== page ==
And so for me, and I imagine for many others like me, the key to Jewish living is not our religious beliefs but our commitment to a set of practices and values that foster community and continuity.I said that I thought that the article reflected an extreme. After all, most members of Orthodox communities adhere to Orthodox beliefs, I argued.
My friend begged to differ. Many, he said, if not most members of "Modern Orthodoxy" are exactly like that.
"You mean they don't believe in Torah MiSinai? They don't believe in God?"
He seemed to think that they do not. When I insisted that the vast majority of the people that I knew did adhere to these beliefs, he suggested that I'm naive.
There's no doubt that belief in God, and especially the belief in the divine nature of the Torah, has been under attack by Western Culture for many years. I'm so accustomed to it that I tune it out. To what degree the denigrating comments in the media and the sarcastic attitude towards belief in God affects us is an open question.
But if the issue of fundamental belief truly is in danger, then it's time to start talking about it again. As a rabbis (and writer), I've spoken about so many ancillary topics: Torah study, prayer, Israel...the list goes on and on. But when's the last time you were in talk and the rabbi talked about God - and actually mentioned God Himself?
In one of his most famous comments, Rashi quotes the famous question of the Midrash: מה עניין שמיטה אצל הר סיני - "What's the connection between Shemittah and Mount Sinai?" Actually, Rashi's question revolves around the text. The Torah introduces the commandment of Shemittah (to leave the field fallow during the Sabbatical year) unusually: וידבר ה' אל משה בהר סיני לאמר - "And God spoke to Moses on Mount Sinai saying." Throughout most of the Torah, we find the usual introduction: וידבר ה' אל משה לאמר - "And God spoke to Moses saying." Here, the verse emphasizes that this commandment was issued on Sinai. What unique aspect of Shemittah can explain this unusual emphasis?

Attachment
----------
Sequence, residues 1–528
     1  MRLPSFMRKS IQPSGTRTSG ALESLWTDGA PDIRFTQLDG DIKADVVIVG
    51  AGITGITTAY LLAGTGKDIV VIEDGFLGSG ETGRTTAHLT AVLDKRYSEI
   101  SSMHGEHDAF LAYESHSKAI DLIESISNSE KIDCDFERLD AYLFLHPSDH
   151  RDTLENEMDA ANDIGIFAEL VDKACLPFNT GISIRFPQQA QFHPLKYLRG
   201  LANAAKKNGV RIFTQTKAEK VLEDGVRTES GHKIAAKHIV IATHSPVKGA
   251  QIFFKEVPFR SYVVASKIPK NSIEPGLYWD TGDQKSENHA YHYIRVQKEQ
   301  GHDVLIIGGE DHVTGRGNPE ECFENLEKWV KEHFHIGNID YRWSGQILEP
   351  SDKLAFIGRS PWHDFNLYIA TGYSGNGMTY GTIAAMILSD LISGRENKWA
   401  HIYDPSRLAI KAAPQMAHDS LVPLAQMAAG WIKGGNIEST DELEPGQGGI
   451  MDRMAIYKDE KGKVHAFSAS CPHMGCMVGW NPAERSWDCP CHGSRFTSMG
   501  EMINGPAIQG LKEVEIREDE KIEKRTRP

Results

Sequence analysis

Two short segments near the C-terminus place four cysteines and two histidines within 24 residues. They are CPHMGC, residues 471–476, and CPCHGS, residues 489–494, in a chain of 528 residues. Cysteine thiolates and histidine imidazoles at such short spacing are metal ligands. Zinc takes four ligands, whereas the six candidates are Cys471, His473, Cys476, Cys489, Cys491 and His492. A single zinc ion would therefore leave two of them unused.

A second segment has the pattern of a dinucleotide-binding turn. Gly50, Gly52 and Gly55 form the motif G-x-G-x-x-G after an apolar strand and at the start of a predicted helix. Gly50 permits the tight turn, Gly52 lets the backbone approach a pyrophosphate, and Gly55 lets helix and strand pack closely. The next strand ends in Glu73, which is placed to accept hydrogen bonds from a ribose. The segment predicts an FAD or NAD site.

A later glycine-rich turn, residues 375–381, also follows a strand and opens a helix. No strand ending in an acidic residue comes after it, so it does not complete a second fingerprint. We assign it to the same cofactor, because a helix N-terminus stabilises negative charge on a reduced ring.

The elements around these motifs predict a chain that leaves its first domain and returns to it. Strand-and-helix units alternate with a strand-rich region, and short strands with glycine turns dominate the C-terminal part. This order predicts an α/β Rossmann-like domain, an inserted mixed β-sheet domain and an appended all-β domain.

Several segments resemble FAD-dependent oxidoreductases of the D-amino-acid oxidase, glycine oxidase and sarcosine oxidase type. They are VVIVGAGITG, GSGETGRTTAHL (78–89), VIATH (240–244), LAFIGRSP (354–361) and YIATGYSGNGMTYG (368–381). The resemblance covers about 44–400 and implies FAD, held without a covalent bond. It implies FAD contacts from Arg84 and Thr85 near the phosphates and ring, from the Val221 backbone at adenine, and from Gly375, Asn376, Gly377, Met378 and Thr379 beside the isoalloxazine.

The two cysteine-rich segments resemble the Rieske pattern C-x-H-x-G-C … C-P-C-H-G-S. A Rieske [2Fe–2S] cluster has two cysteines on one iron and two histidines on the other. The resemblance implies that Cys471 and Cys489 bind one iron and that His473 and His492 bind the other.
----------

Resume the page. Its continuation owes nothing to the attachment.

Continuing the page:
Interestingly, Rashi explains that it's not about Shemittah at all. Rather, it's about everything else.
It's not just Shemittah. The entire Torah was given at Sinai. All the details of the Oral Torah, and the means to extrapolate those rules to our modern lives, were given by God to Moses at Sinai.אלא מה שמיטה נאמרו כללותיה ופרטותיה ודקדוקיה מסיני, אף כולן נאמרו כללותיהן ודקדוקיהן מסיניRather, just as with regard to Shemittah - all of its rules and details were given at Sinai, so too all [of the commandments] - their rules and details were [also] given at Sinai.
This is a core belief of Judaism - fundamental to the way we live our lives. When we don our tefillin in the morning, sure there's a sense of camaraderie and we're ensuring the future of the Jewish people. But that's not why we put on Tefillin. The Shulchan Aruch writes:
That is why we wear Tefillin.יכוין בהנחתם שצונו הקב"ה להניח ארבע פרשיות אלו שיש בהם יחוד שמו ויציאת מצרים על הזרוע כנגד הלב ועל הראש כנגד המוח כדי שנזכור נסים ונפלאות שעשה עמנו שהם מורים על יחודו ואשר לו הכח והממשלה בעליונים ובתחתונים לעשות בהם כרצונו וישתעבד להקב"ה הנשמה שהיא במוח וגם הלב שהוא עיקר התאוות והמחשבות ובזה יזכור הבורא וימעיט הנאותיוHe should concentrate when he dons [the Tefillin on the fact] that the Holy One blessed is He commanded us to don these four sections [of the Torah], for in them is the unification of His name and the Exodus from Egypt. [And we should place them] on the arm corresponding to the heart and on the head corresponding to the brain so that we remember the miracles and wonder that He did with us, for these teach us about His Oneness, and that He has the power and dominion above and below to do as He wishes. And he should subjugate his soul to the Holy One - which is in the brain and the heart, where the essential thoughts and desires are found, and in this way he will remember the Creator and minimize his desires.
That is what we believe.